The fruit itself, however, has held on tightly to all of its nutrients, packing them densely within its glossy deep purple skin. Blackcurrants have been hailed as a homegrown superfood, with no air miles or expensive extraction to worry about. In fact, Hilditch set up the Blackcurrant Foundation to raise awareness of the fruit’s great nutritional benefits, as well as broadening their appeal in the kitchen. “They have four times more vitamin C in them than oranges, weight for weight,” she points out. “Blackcurrants have the best antioxidant polyphenols, particularly anthocyanins, which, in research, have been shown to help in maintaining cardiovascular health, ageing and brain health, urinary tract health and healthy vision.”


Healthy or otherwise, Hilditch loves Ribena and wouldn’t be without a bottle. But where else can we use the currants? Elspeth Biltoft, who makes home-made Rosebud Preserves in Masham, North Yorkshire, says that blackcurrants are a gift to jam-makers because of their sharp-sweet flavour. “They have the right levels of naturally occurring pectin and acid,” she says. “I’ve never understood why blackcurrant jam is less popular than strawberry, raspberry and apricot.”

Biltoft has made blackcurrant jam since she started out 26 years ago, and likes her fruit a very dark colour and tart to taste. Too ripe, she says, and you lose that unique flavour that makes blackcurrants so special. Jams aside, her top tip is to use redcurrants and blackcurrants in a summer pudding, along with strawberries and raspberries, packed into a pudding basin lined with a good white loaf.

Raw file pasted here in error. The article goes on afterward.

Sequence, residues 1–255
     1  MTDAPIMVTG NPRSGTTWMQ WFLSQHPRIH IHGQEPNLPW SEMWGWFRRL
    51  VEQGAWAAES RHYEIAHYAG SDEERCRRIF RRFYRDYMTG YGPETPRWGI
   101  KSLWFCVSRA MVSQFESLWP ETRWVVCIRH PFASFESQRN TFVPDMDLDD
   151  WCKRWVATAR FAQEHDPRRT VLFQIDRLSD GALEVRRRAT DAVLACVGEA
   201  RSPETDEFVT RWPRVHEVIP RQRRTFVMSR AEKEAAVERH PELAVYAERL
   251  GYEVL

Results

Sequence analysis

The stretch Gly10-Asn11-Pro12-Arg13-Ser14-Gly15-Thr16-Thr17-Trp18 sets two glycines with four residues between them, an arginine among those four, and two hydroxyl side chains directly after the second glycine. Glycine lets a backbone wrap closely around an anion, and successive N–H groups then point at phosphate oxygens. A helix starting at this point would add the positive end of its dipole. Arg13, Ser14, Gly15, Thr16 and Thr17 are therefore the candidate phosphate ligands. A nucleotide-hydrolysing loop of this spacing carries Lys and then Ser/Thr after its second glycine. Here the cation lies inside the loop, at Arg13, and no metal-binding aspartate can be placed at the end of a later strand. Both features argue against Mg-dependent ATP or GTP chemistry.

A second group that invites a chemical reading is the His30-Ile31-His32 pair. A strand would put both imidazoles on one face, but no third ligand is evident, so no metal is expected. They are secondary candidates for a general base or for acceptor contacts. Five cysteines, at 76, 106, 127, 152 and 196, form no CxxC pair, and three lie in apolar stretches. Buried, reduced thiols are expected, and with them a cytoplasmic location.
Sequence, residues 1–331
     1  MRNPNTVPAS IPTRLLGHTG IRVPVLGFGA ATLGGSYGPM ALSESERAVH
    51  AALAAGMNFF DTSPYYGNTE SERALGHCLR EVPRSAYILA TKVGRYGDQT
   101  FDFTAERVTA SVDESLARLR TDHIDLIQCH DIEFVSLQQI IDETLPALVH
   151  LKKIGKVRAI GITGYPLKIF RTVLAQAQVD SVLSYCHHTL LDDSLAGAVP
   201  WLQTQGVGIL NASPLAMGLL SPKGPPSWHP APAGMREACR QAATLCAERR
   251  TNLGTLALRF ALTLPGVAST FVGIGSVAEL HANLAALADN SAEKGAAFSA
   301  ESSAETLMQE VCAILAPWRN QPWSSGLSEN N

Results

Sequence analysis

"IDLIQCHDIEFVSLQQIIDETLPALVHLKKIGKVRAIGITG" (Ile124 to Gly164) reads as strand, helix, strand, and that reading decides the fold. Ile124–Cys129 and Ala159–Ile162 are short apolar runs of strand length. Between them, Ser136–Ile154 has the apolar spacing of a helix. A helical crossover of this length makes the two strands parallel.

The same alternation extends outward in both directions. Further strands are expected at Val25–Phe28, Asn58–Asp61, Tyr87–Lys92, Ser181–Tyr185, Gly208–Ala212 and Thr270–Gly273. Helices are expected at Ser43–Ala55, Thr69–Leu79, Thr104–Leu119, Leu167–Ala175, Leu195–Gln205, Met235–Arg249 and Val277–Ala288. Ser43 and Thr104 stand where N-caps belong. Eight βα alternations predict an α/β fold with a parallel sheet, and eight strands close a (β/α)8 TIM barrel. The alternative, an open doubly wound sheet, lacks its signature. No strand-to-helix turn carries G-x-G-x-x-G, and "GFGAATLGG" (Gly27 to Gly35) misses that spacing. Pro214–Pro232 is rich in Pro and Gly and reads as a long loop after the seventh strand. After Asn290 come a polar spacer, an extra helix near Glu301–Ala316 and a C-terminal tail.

Adam Handling, head chef at Westminster restaurant Adam Handling at Caxton’s and Scottish Chef of the Year 2015, also likes to bring the sharpness to a sweet dish, using it with high-quality dark chocolate. “I have a dessert that includes a blackcurrant gel and ice cream to complement rich chocolate truffle and chocolate shortbread,” he says. “The blackcurrants provide a slight acidity, which balances the decadence of the chocolate.” Kirsty Hale, who writes Riverford Organic Farm’s recipes, makes the most of blackcurrants when they’re available, and freezes them for the rest of the year. They can add a hit to a rice pudding or clafoutis, she suggests, and matches them with elderflower jelly, a lemon pudding, and saffron meringues.